Today, Big Al can be seen at all types of University of Alabama athletic events, not just football. He'll also drop in on your nuptials, if you’re willing to pony up his $400 wedding appearance fee. The maximum amount of time Big Al can spend at your special day: one hour. Roll tide.

What Exactly Is a Crimson Tide?

Hugh Roberts, sports editor for the Birmingham Age-Herald, is widely credited as being the first to use "Crimson Tide" to refer to Alabama's football team.

Roberts used the term to describe crimson-and-white-clad Alabama's surprising performance during a rain-soaked 6-6 tie with heavily favored Auburn in 1907. Henry "Zipp" Newman, who became the sports editor of the Birmingham News at the age of 25, helped popularize the nickname.

What Does 'State of Emergency' Really Mean?

Firefighters battle a state of emergency.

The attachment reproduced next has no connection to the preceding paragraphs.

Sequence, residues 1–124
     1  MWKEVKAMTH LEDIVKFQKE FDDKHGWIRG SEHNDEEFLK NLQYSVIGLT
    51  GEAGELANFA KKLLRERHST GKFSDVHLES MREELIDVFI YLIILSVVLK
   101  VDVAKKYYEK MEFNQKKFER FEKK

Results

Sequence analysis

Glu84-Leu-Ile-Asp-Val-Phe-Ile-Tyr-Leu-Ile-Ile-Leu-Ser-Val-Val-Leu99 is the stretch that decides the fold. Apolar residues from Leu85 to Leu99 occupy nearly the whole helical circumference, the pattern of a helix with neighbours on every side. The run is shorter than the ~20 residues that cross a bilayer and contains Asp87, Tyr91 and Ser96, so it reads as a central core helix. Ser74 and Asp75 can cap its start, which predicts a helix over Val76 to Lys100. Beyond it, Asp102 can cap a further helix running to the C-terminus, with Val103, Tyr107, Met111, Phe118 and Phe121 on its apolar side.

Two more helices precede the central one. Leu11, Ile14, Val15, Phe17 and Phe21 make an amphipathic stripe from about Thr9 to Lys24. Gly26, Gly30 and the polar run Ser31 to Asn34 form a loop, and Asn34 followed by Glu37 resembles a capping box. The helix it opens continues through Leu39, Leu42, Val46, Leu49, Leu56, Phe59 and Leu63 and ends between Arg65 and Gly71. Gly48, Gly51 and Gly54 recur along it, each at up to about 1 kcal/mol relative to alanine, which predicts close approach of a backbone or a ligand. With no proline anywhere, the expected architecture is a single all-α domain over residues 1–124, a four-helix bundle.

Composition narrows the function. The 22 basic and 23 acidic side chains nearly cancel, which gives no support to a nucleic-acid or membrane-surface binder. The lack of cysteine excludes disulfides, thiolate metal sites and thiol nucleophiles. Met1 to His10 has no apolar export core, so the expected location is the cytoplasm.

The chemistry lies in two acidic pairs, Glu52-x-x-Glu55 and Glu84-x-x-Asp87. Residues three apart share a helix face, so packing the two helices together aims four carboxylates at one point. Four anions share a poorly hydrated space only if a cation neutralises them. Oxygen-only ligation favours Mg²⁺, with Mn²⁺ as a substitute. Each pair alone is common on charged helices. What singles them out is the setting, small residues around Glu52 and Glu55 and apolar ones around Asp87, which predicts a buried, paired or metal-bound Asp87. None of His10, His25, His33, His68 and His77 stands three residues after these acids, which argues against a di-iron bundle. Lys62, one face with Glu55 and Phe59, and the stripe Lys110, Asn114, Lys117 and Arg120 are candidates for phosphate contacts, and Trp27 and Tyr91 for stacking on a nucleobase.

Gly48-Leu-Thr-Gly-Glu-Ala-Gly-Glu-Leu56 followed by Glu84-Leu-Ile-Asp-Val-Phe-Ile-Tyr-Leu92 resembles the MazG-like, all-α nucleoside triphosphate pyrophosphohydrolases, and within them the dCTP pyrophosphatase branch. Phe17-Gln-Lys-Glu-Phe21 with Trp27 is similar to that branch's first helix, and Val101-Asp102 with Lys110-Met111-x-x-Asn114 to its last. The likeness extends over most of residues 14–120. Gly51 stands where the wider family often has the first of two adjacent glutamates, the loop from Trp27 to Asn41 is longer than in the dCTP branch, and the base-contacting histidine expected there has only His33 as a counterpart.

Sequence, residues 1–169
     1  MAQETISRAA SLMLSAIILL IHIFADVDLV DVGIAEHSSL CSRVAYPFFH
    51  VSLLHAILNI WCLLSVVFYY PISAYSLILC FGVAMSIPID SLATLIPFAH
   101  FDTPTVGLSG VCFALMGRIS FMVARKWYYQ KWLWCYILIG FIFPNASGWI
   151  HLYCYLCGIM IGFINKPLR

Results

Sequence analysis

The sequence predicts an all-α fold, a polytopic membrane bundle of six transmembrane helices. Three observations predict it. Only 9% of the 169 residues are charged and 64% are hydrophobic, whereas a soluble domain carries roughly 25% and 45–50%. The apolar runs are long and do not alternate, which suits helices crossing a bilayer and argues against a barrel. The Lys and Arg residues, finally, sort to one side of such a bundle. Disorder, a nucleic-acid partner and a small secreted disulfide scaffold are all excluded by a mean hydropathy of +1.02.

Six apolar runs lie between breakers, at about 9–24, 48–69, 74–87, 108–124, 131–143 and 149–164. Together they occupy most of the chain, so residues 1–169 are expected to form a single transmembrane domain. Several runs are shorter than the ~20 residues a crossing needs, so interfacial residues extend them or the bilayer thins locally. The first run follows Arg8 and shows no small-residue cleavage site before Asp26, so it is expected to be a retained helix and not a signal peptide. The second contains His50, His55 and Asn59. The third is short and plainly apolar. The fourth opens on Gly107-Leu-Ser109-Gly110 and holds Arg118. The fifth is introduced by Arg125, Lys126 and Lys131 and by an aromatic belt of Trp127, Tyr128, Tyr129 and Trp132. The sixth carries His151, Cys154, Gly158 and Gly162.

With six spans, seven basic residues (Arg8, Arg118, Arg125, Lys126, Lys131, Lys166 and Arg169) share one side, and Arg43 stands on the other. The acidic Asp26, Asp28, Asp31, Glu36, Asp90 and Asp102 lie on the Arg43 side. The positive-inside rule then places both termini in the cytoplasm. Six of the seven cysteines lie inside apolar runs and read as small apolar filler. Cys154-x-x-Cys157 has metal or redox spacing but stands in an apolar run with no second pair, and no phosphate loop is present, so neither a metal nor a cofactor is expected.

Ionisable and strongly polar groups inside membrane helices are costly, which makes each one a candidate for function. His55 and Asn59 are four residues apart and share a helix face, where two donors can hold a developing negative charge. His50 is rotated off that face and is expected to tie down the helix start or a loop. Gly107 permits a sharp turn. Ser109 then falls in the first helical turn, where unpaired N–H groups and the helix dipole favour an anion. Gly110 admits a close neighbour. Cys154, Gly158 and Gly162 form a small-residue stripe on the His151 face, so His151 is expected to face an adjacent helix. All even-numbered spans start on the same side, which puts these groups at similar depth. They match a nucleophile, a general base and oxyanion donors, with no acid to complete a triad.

Firefighters battle a state of emergency.
Phonix_a/iStock via Getty Images

Local and state officials across the U.S. are declaring states of emergency in their efforts to manage the coronavirus pandemic. Some entire countries, including Italy and Japan, have also declared a state of emergency. But what does this phrase really entail?

Local and State Response

The answer varies a bit from state to state. Essentially, declaring a state of emergency gives the governor and his or her emergency management team a bit of extra latitude to deal with a situation quickly and with maximum coordination. Most of these powers are straightforward: The governor can close state offices, deploy the National Guard and other emergency responders, and make evacuation recommendations.